LERMA UMR8112

Laboratoire d’Études du Rayonnement et de la Matière en Astrophysique et Atmosphères



Accueil > en > Practical Information > LERMA Detailed Presentation

LERMA presentation

publié le , mis à jour le

LERMA (Laboratory for Studies of Radiation and Matter in Astrophysics and Atmospheres) is a research entity operated by CNRS and 3 higher education institutions : Observatoire de Paris (OP), Sorbonne Université (SU), and Université de Cergy-Pontoise (UCP). These 3 institutions host the various research groups of LERMA.

Organisation of the laboratory and research topics
LERMA is organized in 4 Research Poles, complemented by 1 transverse structure dedicated to Technology and Research Support. Doctoral studies are principally conducted within École doctorale Astronomie et Astrophysique d’Île de France (ED 127), but about half of our PhD students belong to other doctoral schools in physics, engineering and environment (ED 129, 391, 389, Ed-PIF et 417).

"Galaxies and Cosmology" (OP)

  • Early Universe
  • Galaxy formation and dynamics
  • Clusters of galaxies
  • Dark matter
  • Active galactic nuclei, star formation and feedback in galaxies

"Dynamics of the Interstellar Medium and Stellar Plasmas" (ENS, OP, UPMC)

  • Observational characterization of the ISM cycle
  • Modeling ISM evolution from diffuse gas to stars and disks
  • Chemical diagnostics of ISM dynamics
  • Turbulent and radiative transport in (circum)stellar plasmas
  • Experimental studies of (circum)stellar plasmas

"Molecules in the Universe" (UCP, OP, UPMC)

  • Gas-surface interactions
  • Gas-phase molecular processes
  • Exotic isotopic spin ratios
  • Molecular parameters for planetary, terrestrial atmospheres and ISM

"Instrumentation Terahertz and Remote Sensing" (OP)

  • THz components and subsystems
  • THz heterodyne instruments
  • Characterization of clear, cloudy, and rainy atmospheres
  • Characterization of Earth, planets, and comets
  • Data processing, storage and diffusion

Personnel (as of January 2017)

  • 46 engineers and technicians (including 10 under contract)
  • 10 astronomers (including 2 emeriti)
  • 32 teaching researchers (including 3 emeriti and 3 under contract)
  • 21 researchers (including 7 emeriti) 7 post-doctoral fellows
  • 41 PhD students

Salient results

  • The earliest phase of star formation, captured through its bipolar ejection activity (Gerin et al. 2015 A&A 577, L2). La toute première étape de la formation d’une étoile, révélée par son éjection bipolaire (Gerin et al. 2015 A&A 577, L2).
  • New method for measuring the diffusion and desorption energy of atoms and (Minissale, M., Congiu, E., & Dulieu, F. 2016, A&A, 585 A146). Nouvelle méthode pour mesurer l’énergie de diffusion et de désorption des atomes et radicaux (Minissale, M., Congiu, E., & Dulieu, F. 2016, A&A, 585 A146).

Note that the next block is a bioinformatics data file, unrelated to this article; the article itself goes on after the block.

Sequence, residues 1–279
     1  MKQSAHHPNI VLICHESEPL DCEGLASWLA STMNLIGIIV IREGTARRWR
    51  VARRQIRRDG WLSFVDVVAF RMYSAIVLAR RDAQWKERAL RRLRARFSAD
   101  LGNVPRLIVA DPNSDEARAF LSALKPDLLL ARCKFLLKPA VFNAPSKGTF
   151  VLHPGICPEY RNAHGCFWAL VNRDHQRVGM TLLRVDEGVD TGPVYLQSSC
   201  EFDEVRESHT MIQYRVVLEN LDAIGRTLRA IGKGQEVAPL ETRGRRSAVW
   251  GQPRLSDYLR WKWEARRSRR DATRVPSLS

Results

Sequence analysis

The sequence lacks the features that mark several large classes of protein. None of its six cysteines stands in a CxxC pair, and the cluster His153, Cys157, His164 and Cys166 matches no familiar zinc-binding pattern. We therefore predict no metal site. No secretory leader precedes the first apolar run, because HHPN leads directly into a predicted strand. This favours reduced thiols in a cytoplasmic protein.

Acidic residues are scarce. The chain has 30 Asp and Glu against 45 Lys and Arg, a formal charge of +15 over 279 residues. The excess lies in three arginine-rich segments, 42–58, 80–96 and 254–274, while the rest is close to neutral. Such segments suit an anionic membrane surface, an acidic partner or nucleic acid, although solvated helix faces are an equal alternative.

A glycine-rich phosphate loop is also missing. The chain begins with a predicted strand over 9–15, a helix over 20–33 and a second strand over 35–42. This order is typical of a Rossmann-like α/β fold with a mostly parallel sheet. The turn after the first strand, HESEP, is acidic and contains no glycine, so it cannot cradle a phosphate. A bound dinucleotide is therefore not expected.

• First results on a 1200 GHz Schottky receiver prototype for JUICE-SWI (Maestrini, A., et al 2016). Les premiers résultats sur le prototype de récepteur Schottky à 1200 GHz pour JUICE-SWI (Maestrini, A., et al 2016).

Séminaires à venir

Vendredi 3 avril 2020, 14h00
Salle de l'atelier, Paris
The great dimming of Betelgeuse in 2019-2020
Miguel MONTARGES
KU Leuven, Institute of Astronomy
résumé :
Red supergiant stars are important contributors to the chemical enrichment of the Universe. Together with asymptotic giant branch stars, their lower mass counterpart, they contribute ~ 85% of gas and ~ 35% of dust to the total enrichment of the interstellar medium. Moreover, the stellar wind has a crucial impact on the final mass, hence on the nature of the compact remnant left after the supernova: a 20 solar mass star can loose up to 60% of its mass during its life. Yet the mechanism at the origin of the red supergiant mass loss remains unknown: there is no physical scenario to lift material from the photosphere up to the dust condensation zone where radiative pressure on small grains can drive the wind.

In November-December 2019, the prototypical red supergiant Betelgeuse started an impressive dimming that brought it to 37% of its average optical brightness in February 2020. It is dimmer than this star has been since quantitative magnitude measurements have been recorded (150 years). We have observed Betelgeuse at high angular resolution during this peculiar event with the VLT/SPHERE, VLTI/GRAVITY and VLTI/MATISSE instruments. I will present the first results of this multi-wavelength and multi-technique campaign and bring them in the context of the study of the red supergiant mass loss.
 
Vendredi 17 avril 2020, 14h00
Salle de l'atelier, Paris
Patricia TISSERA
Universidad Andres Bello, Santiago, Chili
 
Vendredi 24 avril 2020, 14h00
Salle de l'atelier, Paris
Tba
Philippe ANDRE
CEA
 
Tous les séminaires...